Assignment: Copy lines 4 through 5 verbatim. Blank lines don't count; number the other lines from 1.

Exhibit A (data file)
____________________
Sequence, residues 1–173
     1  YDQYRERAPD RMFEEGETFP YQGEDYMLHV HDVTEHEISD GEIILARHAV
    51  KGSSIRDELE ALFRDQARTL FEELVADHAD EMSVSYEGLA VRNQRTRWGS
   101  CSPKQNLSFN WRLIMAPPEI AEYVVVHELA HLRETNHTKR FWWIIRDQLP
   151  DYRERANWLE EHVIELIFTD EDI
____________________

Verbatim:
   101  CSPKQNLSFN WRLIMAPPEI AEYVVVHELA HLRETNHTKR FWWIIRDQLP
   151  DYRERANWLE EHVIELIFTD EDI